That's how you conduct an experiment! He didn't find any real difference in his egg-balancing ability over a period of months, so it's unlikely that astronomic forces prevent you from balancing an egg moreso at one time than others.
However, the public's awareness of scientific thinking is woefully inadequate. By chance, I happened by a site called Fluther, on which I saw the question: "Can you really balance an egg on its tip on Solstice? I have heard this, but I've never tried it. Unfortunately, Solstice was yesterday and I missed my chance."
Say it with me; 'Why is that a missed chance? Just try it anyway!' The questioner continues: "Also, I have heard that you can always balance an egg on its tip if you are at the equator. True or false??"
It kind of bothers me that people are asking each other about these things on the internet... and... well... they're on the internet! (And not conducting their own experiments?) They could be doing other internet things... like internet research? (Of course, you have to know what sources are reliable....)
You may be interested to know that this Astronomy Picture of the Day - for the Autumnal Equinox - shows astronomer Phil Plait balancing a bunch of eggs! Note, this is also not during an eclipse, or the spring equinox, nor the summer solstice.
Plait wrote all about egg-balancing ability on his website, Bad Astronomy. He says:
Of course, I could be lying about the date, but again, you can prove this for yourself by trying to stand an egg on end on any random day. Go ahead and try it now! Whenever I buy eggs from the store I grab one or two from the carton and stand them up. It's fun.Of course, he's far from being the only one to do so - people write him all the time about it! Apparently, some kids at the Mancelona Middle school, Michigan, were able to stand up some eggs for an entire month - on their pointy ends! That really surprised Plait. He wrote:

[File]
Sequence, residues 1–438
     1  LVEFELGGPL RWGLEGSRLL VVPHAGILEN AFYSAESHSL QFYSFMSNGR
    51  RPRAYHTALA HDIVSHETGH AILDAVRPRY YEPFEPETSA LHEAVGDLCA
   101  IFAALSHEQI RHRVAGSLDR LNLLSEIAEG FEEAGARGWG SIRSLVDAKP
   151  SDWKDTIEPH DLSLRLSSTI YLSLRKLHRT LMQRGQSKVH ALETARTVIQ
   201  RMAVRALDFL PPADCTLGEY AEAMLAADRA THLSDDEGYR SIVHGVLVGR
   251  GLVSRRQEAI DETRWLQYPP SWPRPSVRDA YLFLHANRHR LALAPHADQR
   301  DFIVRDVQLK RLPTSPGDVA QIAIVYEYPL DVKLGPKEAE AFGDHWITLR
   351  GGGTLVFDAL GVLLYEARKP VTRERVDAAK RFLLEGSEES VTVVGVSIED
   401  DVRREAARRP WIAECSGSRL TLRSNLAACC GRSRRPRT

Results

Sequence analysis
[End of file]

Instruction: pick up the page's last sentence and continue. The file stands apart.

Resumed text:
The beauty of the Mancelona kids' work is that they showed me what science means: sometimes you have to abandon a theory when a better one comes along. I thought an egg could only balance on its fat end (the narrow end usually is much smoother, making it harder to balance), but they proved me wrong. Since I knew it could be done, I kept at it, and now I am happy (and oddly proud) to say that I have indeed managed to get an egg to stand on its narrow end.The lesson is, don't just assume a statement is true - question it! This is how these things get spread all over the internet! In fact, Plait also wrote another page that begins:
The egg standing myth is like an extremely contagious virus. It is everywhere, all over the world. It's easily transmitted; unlike the organic variety, this virus can spread infectiously through the web and television. And, like most viruses, its history is difficult to trace....He did, however, manage to trace it back to a 1945 Life magazine article mentioning a Chinese ritual of balancing an egg on the first day of spring. However, the Chinese first day of spring is six weeks before the equinox, while the American first day of spring is on the equinox. (Apparently, most cultures count an equinox or solstice as being in the middle of the season, not marking the beginning of it.)
So, the myth wasn't even "right" to begin with! As for the 'lunar eclipse' version, I have never heard of it before, though I would guess it is simply an offshoot of the equinox/solstice variations.
J.R. wasn't so sure I'd succeed, but then, he said, "I don't dictate the laws of physics!"
Nevertheless, this will probably be much easier to contest than the statements by one gym patron who is absolutely certain that the malfunctioning spy satellite being shot down is actually an alien spaceship. How do people come up with these things?
Update, Feb 27: Try as I might, I still can't seem to get a hold of this egg-balancing thing. Neither could J.R., who was surprisingly still irritated that he apparently couldn't 'prove' you can balance an egg on a lunar eclipse.... Well, perhaps I can't do it, but surely other people do all the time!